MORELIA, Michoacán — Dia de los Muertos is a time of year for Mexican families to remember and honor relatives who have passed away. But it’s also a time for us to pay homage to our country’s most loved sons and daughters—the great Mexicans who were a part of all our families.
This year it was time for Juan Gabriel, the legendary Mexican singer and pop culture icon who died of a heart attack last August, to make his first appearance on Mexicans’ homemade altars to the dead.
In life, Juan Gabriel was one of the country’s greatest proponents of Mexicanness. So it’s only fitting that the legendary entertainer now assumes his rightful place on the altars built for our loved ones.
The singer’s family built a traditional altar that was decorated with some of his signature items, including several of the colorful folding fans that Juanga was known for flamboyantly pulling out during interviews and concerts.
But other Mexicans also paid tribute to “El Divo de Juárez.” In the southern state of Michoacán, artists, students and children created altars to honor their favorite singer, while Morelia’s House of Culture exhibited a mechanical altar featuring Juan Gabriel as a singing skeleton with an all-dead band:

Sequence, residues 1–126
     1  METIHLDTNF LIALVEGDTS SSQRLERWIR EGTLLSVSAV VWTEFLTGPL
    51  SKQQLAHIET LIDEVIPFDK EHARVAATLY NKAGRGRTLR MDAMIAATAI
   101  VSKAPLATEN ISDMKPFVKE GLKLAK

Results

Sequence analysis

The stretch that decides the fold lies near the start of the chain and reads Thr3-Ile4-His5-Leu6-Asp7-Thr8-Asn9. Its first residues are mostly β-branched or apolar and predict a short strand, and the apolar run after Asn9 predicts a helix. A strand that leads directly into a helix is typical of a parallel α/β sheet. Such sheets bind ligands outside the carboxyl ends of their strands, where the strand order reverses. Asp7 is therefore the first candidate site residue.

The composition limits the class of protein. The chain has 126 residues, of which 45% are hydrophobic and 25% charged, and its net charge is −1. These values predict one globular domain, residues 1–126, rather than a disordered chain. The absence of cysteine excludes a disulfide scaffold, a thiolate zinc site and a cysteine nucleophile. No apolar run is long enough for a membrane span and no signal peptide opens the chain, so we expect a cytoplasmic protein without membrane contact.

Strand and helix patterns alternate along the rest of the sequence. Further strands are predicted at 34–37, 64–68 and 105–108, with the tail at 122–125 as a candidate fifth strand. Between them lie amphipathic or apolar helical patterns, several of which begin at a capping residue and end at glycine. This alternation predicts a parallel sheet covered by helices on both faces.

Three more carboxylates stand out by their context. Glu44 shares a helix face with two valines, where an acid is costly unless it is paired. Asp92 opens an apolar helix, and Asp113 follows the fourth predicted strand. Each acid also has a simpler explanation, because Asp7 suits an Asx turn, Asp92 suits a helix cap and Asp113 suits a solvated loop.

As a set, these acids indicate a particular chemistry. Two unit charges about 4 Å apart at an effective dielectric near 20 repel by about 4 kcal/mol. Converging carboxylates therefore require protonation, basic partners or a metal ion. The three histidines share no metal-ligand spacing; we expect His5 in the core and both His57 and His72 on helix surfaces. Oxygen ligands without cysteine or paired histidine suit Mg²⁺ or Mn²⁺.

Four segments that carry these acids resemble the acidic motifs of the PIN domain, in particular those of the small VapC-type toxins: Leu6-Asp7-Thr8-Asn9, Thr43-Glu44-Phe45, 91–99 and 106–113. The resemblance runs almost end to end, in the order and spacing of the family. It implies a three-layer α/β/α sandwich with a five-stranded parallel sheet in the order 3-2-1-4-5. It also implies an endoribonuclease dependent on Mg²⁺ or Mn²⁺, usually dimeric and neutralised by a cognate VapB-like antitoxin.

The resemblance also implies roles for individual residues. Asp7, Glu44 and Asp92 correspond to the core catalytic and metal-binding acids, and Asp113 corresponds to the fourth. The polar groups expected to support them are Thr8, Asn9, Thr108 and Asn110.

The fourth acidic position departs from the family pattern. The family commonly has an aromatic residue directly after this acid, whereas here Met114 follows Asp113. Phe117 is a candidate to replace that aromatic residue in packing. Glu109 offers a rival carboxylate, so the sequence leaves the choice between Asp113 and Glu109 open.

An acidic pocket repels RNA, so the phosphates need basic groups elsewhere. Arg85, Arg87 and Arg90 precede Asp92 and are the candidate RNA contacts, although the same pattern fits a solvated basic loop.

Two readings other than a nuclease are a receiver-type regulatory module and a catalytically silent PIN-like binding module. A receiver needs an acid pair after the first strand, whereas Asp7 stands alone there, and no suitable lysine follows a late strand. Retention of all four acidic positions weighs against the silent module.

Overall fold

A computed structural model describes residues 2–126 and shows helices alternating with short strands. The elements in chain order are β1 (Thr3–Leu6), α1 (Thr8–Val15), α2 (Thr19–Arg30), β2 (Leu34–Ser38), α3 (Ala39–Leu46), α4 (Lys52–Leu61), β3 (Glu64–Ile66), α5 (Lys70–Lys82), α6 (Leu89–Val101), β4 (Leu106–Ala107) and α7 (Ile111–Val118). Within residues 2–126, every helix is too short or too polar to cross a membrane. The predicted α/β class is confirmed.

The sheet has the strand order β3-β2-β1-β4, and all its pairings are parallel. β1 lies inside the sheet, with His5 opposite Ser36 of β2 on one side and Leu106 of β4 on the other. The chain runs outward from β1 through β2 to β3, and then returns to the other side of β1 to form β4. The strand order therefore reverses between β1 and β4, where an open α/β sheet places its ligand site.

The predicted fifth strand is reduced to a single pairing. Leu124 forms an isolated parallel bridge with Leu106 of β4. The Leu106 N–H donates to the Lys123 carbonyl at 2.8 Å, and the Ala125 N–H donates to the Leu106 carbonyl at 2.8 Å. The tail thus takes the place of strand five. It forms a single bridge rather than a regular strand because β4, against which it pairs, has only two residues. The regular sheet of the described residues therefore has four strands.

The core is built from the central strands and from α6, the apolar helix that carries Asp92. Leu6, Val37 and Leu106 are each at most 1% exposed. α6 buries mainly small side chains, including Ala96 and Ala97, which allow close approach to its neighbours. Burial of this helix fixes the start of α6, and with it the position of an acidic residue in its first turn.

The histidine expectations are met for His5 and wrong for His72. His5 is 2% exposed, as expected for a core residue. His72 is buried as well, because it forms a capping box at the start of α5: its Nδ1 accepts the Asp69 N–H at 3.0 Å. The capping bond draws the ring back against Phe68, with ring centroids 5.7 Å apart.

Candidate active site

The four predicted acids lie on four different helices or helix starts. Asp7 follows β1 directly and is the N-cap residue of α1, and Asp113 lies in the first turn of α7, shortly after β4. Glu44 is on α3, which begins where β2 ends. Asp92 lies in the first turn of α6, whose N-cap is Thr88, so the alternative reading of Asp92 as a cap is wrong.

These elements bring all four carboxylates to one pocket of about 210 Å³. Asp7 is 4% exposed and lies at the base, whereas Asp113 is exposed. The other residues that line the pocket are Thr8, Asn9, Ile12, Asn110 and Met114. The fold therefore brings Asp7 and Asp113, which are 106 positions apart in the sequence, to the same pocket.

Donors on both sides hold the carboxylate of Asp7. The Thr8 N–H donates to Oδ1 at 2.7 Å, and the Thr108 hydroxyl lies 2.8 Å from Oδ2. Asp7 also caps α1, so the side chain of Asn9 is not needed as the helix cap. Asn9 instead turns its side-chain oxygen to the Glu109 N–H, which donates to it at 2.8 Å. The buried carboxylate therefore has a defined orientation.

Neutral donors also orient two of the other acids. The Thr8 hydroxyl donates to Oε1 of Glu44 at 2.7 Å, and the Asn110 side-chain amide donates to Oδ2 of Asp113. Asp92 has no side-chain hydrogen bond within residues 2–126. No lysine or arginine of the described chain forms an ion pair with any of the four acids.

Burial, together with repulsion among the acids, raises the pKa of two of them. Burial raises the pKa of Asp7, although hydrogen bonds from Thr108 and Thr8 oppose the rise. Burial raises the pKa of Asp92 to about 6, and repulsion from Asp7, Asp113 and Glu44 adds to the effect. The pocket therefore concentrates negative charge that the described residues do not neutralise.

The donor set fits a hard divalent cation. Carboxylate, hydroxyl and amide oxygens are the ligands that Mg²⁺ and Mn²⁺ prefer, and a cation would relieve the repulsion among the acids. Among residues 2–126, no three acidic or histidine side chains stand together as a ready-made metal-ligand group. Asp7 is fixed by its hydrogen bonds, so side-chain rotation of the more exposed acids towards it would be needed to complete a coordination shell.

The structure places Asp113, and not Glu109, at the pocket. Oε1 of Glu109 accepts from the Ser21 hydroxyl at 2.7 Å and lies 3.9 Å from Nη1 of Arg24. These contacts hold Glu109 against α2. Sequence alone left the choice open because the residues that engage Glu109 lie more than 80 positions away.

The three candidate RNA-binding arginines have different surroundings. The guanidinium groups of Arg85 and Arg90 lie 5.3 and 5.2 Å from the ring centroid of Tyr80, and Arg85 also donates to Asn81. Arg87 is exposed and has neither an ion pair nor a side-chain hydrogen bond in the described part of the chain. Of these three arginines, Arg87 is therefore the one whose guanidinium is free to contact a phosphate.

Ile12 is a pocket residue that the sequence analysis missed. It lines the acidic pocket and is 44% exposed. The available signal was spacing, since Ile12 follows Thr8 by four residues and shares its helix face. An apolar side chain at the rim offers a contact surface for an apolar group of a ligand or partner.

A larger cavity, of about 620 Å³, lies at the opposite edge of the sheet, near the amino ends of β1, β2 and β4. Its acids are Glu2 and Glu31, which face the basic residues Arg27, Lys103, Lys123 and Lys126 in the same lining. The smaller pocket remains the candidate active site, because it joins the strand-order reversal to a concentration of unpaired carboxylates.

On the island of Pátzcuaro, the heart of Mexico’s Dead of the Day celebrations, a boy and his father put together a simple altar to honor the man who rose from poverty to stardom:
Juanga was also honored in a mobile altar in Mexico City’s James Bond-inspired Day of the Dead parade, and on other altars that popped throughout Mexico and the U.S.
Some people even dressed up as him for Halloween:
The man whose life and death touched a nation will live forever on Day of the Dead. Now it’s Mexicans who are singing his famous lines: tú estás siempre en mi mente, you are always on my mind.